Understanding Anger


What are you feeling? Is this anger? Is this depression? Is this a normal? Anger is a very normal emotion, that can and does present itself in many ways. Understanding the different phases of anger is an important step in dealing with anger in a productive and healthy way.

Illustrated below are the five phases of the anger cycle: trigger, escalation, crisis, recovery, and depression.


  1. The Trigger Phase

The trigger phase happens when we perceive a threat or loss, and our body prepares to respond. In this phase, there is a subtle change from an individual’s normal/ adaptive state into this stressed state. Anger triggers differ from person to person, and can come from both the environment or from our thought processes.


  1. The Escalation Phase

In the escalation phase our body prepares for a crisis after perceiving the trigger. This preparation is mostly physical, with symptoms like rapid breathing, increased heart rate, and raised blood pressure. This is the phase where the body prepares for fight or flight (to be discussed later).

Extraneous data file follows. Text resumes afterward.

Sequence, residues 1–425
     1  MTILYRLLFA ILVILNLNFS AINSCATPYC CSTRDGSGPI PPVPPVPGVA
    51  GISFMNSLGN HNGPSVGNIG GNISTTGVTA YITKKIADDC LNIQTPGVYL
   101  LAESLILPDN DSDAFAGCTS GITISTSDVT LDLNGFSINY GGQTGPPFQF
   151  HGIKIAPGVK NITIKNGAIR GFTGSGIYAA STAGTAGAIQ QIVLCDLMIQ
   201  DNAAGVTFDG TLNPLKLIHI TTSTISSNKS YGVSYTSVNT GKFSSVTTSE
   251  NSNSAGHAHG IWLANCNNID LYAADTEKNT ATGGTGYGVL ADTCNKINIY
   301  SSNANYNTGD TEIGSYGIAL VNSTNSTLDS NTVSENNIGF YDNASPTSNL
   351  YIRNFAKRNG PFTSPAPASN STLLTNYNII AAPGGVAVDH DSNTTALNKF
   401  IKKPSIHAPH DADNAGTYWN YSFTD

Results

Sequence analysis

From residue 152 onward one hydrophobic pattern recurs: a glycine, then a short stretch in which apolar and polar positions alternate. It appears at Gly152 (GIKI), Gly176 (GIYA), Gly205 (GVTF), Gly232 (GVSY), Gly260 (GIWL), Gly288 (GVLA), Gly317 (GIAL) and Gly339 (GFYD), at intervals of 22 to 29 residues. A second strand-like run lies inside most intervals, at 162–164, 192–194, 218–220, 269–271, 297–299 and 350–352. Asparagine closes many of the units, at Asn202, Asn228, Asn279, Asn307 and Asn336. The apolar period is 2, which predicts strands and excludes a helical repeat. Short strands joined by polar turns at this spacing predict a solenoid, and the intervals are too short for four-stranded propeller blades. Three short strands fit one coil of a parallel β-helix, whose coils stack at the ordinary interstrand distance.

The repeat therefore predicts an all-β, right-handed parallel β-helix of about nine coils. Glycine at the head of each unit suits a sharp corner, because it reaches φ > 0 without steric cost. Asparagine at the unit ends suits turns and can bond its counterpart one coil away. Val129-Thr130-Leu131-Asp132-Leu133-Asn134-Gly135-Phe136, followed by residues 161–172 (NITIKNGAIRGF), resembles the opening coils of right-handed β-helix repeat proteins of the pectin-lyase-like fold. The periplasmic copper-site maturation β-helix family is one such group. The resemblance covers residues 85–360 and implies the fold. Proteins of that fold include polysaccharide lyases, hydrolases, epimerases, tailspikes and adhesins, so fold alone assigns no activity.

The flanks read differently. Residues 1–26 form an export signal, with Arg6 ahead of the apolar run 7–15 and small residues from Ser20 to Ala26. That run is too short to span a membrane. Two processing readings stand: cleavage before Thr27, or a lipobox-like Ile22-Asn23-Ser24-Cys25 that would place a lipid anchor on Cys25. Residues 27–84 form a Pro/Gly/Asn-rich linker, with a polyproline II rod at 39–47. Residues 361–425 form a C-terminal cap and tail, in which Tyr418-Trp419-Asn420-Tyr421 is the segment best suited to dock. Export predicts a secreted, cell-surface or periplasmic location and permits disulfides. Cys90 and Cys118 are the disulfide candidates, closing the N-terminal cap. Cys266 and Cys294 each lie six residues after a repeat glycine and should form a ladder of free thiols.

1. The Crisis Phase 

The crisis phase is when the anger reaction reaches its peak. In the crisis phase our body is on full alert, prepared to take action in response to the trigger. During this phase, logic may be limited, because the anger instinct takes over. In extreme cases, the crisis phase means that a person may be a serious danger to himself or to other people.


  1. The Recovery Phase

The recovery phase happens when the anger has been controlled. There is now a steady return to a person’s normal/ adaptive state. In this stage, reasoning and awareness of one’s self returns.


  1. The Depression Phase

The depression phase marks a return to a person’s normal/ adaptive ways. Physically, the body returns to a normal resting heart rate, so that the body can recover balance. A person’s full use of his faculties return at this point, and the new awareness helps a person assess what just occurred. Consequently, this stage may be marked by embarrassment, guilt, regret, and or depression.


NOTE: How long each phase lasts differ from person to person. Some people also skip certain phases, or else they go through them privately and/ or unconsciously.

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